Niagara Falls, Ont.
Proceeds from the recent Amazing Grace project, which captured the interest of Anglicans across Canada and raised more than $91,000 for the Council of the North, will go towards the establishment of a suicide prevention program with paid staff.
The council, which met in February, decided that the donations “had to be spent for a project that would really address the needs of its members,” Keewatin bishop and council co-chair David Ashdown told the house of bishops at its spring meeting here.
“The issue of suicide is one that we deal with all the time. The council struggles with trying to find ways of preventing suicide,” said Bishop Ashdown. “It’s one thing to minister to communities and individuals after a suicide has taken place. But we’d rather find help and focus the energy on preventing it as much as we can.”
The council “never had the resources until the Amazing Grace (project),” Bishop Ashdown said in an interview with the Anglican Journal. “It is amazing that we’ve now received the grace that will enable us to go forward and bring grace into other people’s lives,” he said. “I genuinely believe that, as a result of the Amazing Grace contributions, lives are actually going to be saved and enhanced.”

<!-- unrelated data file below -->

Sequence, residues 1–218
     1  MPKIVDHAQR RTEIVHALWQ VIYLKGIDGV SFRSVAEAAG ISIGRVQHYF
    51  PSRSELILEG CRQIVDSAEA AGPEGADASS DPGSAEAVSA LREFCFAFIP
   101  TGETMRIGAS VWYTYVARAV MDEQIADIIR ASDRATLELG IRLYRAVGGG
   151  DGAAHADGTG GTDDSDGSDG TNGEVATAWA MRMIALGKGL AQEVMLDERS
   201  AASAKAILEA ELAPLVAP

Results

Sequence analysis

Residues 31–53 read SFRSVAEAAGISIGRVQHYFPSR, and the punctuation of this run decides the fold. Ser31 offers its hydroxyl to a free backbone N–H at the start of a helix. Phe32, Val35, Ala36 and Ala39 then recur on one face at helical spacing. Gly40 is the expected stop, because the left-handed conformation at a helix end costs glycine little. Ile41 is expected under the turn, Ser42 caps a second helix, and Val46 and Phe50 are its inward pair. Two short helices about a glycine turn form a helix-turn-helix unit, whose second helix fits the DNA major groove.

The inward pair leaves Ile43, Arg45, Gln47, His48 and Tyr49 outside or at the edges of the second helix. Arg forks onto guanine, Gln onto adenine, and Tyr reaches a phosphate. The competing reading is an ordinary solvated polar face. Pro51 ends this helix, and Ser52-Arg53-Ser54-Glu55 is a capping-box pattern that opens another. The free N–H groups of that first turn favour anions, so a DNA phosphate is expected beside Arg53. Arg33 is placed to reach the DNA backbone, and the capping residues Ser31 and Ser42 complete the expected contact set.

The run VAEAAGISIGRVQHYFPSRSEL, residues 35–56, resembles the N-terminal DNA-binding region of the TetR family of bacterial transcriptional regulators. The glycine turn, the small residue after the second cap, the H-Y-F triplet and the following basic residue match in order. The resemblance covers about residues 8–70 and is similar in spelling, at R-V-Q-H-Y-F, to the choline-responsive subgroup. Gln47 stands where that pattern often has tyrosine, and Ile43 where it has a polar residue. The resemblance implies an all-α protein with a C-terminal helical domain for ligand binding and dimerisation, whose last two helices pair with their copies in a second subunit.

An initiative of the communications and information resources committee, the Amazing Grace project invited Anglican parishes and groups across Canada to sing the hymn Amazing Grace last Nov. 23, videotape it, and then send videos to the General Synod church office in Toronto. It also asked each participant to give at least a toonie ($2) towards the work of the Council of the North.
Bishop Ashdown said that the suicide rate in northern communities is often “four or five times higher than the national average.”
“We’re concerned about all suicides, obviously, but what’s particularly concerning is when you have children as young as 11 and 12 who commit suicide. We’re concerned, too, about teenagers and young adults,” he said.
He said that the council wants “to identify and evaluate the resources that are available, working in partnership with government, health units, social agencies, tribal councils and other churches.”
The council intends to hire a part-time suicide prevention co-ordinator by Sept. 1 who will lay the foundation for the program. The co-ordinator will be hired for a two-year contract and will work out of the synod office of a council member diocese.